Project showcase: “Cotton Memories” sessions

Cotton Kingdom SymposiumAs part of a larger project focusing on the history and legacy of cotton-picking and sharecropping in the Mississippi Delta, the non-profit organization Khafre, Inc. is holding weekly sessions throughout the summer of 2014 to gather memories and oral histories from people with roots in the Delta region, especially older African Americans with first-hand knowledge of work in “America’s Cotton Kingdom.” Khafre is based in Indianola, Mississippi, and is led by C. Sade Turnipseed, an educator and cultural preservationist who is compiling the data for a doctoral dissertation in the Public History program at Middle Tennessee State University.

Khafre, Inc. and Turnipseed are working to inspire a “community-driven historic preservation” movement that brings together heritage tourism with community empowerment and commemoration. They hope to reframe public perceptions of cotton-picking, sharecropping, and tenant farming through public education programs and the establishment of a “place” planned as the Cotton Pickers of America Monument complex (Sharecroppers’ House Museum and Sharecroppers Interpretive Center), designed by sculptor Ed Dwight for Mound Bayou in Bolivar County.

This fall will see the third annual “Sweat Equity Investment in the Cotton Kingdom” symposium and Cotton Pickers Ball event at Mississippi Valley State University in Itta Bena, a gathering that combines performance, scholarship, memorializing, and fund-raising. (The poster for the 2013 event is shown above.) The summer 2014 “Cotton Memories” sessions will take place in two locations: da’ House of Khafre in Indianola on Wednesday afternoons and at Mound Bayou City Hall on Thursday afternoons. More information about the sessions and the larger project can be found on Khafre’s website.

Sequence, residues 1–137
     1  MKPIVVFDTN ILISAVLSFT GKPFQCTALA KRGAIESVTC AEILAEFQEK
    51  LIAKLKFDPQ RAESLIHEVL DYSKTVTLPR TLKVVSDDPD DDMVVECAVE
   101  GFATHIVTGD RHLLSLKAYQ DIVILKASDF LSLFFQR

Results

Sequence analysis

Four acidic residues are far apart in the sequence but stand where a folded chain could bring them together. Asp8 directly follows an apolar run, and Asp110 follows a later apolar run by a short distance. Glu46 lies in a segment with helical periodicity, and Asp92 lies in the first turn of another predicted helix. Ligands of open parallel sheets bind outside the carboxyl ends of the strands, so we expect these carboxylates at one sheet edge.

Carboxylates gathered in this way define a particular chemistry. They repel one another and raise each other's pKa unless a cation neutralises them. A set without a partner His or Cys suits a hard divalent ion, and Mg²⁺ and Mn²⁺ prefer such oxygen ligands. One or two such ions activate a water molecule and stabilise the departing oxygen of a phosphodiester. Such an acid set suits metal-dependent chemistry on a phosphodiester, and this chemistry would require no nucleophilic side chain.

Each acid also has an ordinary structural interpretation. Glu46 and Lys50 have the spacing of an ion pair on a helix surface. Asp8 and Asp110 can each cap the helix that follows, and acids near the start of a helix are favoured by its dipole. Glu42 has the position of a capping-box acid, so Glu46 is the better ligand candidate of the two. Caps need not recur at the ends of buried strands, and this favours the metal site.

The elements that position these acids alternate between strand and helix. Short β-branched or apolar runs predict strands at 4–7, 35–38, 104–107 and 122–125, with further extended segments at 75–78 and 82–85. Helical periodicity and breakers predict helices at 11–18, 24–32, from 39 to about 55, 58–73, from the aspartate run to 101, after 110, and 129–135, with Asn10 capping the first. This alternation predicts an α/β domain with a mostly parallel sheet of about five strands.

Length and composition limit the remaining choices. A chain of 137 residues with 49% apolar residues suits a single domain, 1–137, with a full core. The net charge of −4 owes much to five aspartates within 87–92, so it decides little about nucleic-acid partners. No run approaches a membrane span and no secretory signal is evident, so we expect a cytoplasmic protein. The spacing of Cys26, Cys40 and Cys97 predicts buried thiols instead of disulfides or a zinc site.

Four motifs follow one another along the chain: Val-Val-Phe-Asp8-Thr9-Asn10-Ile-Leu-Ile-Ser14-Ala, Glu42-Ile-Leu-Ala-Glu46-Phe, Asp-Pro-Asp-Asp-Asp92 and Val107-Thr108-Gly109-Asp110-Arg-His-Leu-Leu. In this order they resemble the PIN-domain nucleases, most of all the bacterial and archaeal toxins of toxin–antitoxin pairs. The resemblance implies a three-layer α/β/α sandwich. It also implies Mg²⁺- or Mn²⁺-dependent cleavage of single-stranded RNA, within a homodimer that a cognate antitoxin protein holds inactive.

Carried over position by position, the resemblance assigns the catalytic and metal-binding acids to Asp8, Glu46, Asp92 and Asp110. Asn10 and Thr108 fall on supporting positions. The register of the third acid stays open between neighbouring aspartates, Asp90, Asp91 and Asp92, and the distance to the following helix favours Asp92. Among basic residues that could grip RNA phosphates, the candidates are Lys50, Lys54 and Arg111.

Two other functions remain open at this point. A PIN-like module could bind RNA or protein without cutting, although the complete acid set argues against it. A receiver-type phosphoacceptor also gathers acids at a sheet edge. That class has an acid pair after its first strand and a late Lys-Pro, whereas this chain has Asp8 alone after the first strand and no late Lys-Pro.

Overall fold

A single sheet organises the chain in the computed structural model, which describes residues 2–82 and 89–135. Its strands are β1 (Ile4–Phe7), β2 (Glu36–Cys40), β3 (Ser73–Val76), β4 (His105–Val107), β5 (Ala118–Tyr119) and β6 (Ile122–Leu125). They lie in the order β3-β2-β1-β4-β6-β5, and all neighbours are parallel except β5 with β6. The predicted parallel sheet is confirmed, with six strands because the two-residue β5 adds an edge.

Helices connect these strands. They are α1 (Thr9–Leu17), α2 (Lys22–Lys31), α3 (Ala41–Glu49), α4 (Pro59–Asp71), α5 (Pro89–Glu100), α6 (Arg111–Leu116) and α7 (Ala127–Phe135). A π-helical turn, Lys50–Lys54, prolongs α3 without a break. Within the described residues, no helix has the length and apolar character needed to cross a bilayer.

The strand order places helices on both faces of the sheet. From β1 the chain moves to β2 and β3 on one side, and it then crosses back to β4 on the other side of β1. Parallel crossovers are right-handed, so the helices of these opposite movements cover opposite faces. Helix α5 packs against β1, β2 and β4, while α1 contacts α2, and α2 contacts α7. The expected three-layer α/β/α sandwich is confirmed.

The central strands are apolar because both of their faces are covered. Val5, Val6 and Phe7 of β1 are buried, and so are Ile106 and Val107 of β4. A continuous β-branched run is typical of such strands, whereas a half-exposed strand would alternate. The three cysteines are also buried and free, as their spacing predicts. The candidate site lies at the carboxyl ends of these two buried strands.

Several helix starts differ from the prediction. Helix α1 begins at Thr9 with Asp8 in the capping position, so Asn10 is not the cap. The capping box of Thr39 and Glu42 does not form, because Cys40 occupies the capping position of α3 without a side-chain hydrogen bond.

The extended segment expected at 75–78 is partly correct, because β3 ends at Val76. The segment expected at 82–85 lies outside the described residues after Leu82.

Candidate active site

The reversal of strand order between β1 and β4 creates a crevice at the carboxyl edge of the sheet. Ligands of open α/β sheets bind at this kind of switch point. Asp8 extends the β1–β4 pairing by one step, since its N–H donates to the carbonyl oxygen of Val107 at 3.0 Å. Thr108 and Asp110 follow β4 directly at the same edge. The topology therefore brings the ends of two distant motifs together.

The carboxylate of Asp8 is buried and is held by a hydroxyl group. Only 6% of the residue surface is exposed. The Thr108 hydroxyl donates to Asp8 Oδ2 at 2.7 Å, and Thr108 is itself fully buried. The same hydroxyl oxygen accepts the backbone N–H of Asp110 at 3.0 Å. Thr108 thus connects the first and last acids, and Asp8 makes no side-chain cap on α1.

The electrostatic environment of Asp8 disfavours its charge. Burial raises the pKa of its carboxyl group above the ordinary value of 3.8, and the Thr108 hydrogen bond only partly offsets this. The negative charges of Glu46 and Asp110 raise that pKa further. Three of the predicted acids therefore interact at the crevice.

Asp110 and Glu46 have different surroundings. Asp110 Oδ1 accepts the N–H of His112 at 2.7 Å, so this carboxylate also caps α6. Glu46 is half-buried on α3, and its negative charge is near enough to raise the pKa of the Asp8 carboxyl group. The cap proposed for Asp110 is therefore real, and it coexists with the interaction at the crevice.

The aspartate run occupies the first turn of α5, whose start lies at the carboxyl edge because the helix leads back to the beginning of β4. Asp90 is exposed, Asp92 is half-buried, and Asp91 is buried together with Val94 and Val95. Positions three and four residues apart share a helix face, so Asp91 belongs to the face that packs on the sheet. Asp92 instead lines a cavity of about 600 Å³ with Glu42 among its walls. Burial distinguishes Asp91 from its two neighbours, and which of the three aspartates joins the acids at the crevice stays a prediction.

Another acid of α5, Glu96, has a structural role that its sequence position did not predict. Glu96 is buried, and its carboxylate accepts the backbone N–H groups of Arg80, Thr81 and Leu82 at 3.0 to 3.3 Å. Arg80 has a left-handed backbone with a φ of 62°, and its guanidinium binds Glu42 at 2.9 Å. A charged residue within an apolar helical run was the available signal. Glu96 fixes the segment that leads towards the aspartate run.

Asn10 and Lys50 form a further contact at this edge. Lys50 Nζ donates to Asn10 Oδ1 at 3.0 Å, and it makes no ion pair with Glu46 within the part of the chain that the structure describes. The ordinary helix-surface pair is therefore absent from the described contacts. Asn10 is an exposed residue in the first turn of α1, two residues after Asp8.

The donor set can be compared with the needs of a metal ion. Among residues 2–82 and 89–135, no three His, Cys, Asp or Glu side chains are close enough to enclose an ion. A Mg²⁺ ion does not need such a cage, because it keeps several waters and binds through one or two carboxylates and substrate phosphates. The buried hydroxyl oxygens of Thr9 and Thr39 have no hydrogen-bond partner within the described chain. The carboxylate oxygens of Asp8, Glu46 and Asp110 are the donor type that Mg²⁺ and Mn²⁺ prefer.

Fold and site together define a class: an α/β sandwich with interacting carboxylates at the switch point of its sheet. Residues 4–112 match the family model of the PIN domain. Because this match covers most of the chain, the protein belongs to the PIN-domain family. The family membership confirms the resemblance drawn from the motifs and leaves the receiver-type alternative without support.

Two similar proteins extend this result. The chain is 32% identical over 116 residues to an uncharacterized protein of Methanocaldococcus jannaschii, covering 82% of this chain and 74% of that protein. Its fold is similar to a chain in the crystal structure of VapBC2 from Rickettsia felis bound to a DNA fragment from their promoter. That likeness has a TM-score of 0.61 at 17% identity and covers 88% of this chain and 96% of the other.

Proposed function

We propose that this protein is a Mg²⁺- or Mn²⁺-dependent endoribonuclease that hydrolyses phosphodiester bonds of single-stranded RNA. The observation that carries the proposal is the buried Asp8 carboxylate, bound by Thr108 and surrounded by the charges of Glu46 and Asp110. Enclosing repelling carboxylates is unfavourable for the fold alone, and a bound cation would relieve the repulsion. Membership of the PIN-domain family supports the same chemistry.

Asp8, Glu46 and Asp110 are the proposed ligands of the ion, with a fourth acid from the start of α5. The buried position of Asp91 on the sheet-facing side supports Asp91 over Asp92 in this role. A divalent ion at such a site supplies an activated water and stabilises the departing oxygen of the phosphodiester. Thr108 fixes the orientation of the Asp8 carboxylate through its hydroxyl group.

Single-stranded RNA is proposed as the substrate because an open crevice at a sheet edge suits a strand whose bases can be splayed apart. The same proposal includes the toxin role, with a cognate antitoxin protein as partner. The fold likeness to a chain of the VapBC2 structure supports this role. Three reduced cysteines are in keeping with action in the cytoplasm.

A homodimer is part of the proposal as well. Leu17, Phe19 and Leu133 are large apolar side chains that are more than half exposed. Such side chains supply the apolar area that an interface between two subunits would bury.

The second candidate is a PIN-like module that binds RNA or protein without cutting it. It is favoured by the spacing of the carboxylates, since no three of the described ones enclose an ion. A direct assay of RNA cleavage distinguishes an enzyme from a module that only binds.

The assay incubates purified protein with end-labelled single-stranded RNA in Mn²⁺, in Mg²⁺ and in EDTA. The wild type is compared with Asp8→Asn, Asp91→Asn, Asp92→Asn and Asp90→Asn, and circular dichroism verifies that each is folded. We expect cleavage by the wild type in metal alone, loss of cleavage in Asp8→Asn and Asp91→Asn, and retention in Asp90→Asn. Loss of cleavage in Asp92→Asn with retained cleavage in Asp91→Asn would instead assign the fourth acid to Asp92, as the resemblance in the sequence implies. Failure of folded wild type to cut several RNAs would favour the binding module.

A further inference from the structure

NPS LGBT initiative: An opportunity for public historians

Chicago Pride Parade, 2006. Photo credit: Adam Dixon, Wikimedia Commons.

Chicago Pride Parade, 2006. Photo credit: Adam Dixon, Wikimedia Commons

In late May, the National Park Service announced a theme study of sites associated with the histories of lesbian, gay, bisexual, and transgender individuals and communities. In a recent History@Work post, Sheila Brennan reported on the first public meeting of the advisory group for this initiative. I also attended this panel discussion and would like to encourage readers of History@Work to participate because your critical public history perspectives can contribute to the success of this project.

Although I no longer work for the National Park Service, I have been a staff NPS historian and, in the 1980s, worked on the National Historic Landmarks (NHL) program staff. In that time, the NPS embraced more heterogeneity in its telling of American history. This LGBT initiative continues the Park Service’s efforts to expand the scope of history at its sites and in the National Register of Historic Places and NHL programs. The initiative also offers public historians an important opportunity to contribute to a much-needed historical project. Continue reading

New initiative integrates LGBT history into NPS sites

Secretary of the Interior Sally Jewell announcing the NPS LGBT initiative outside the Stonewall Inn in New York City, May 30, 2014. Photo credit: National Park Service.

Secretary of the Interior Sally Jewell announcing the NPS LGBT initiative outside the Stonewall Inn in New York City, May 30, 2014. Photo credit: National Park Service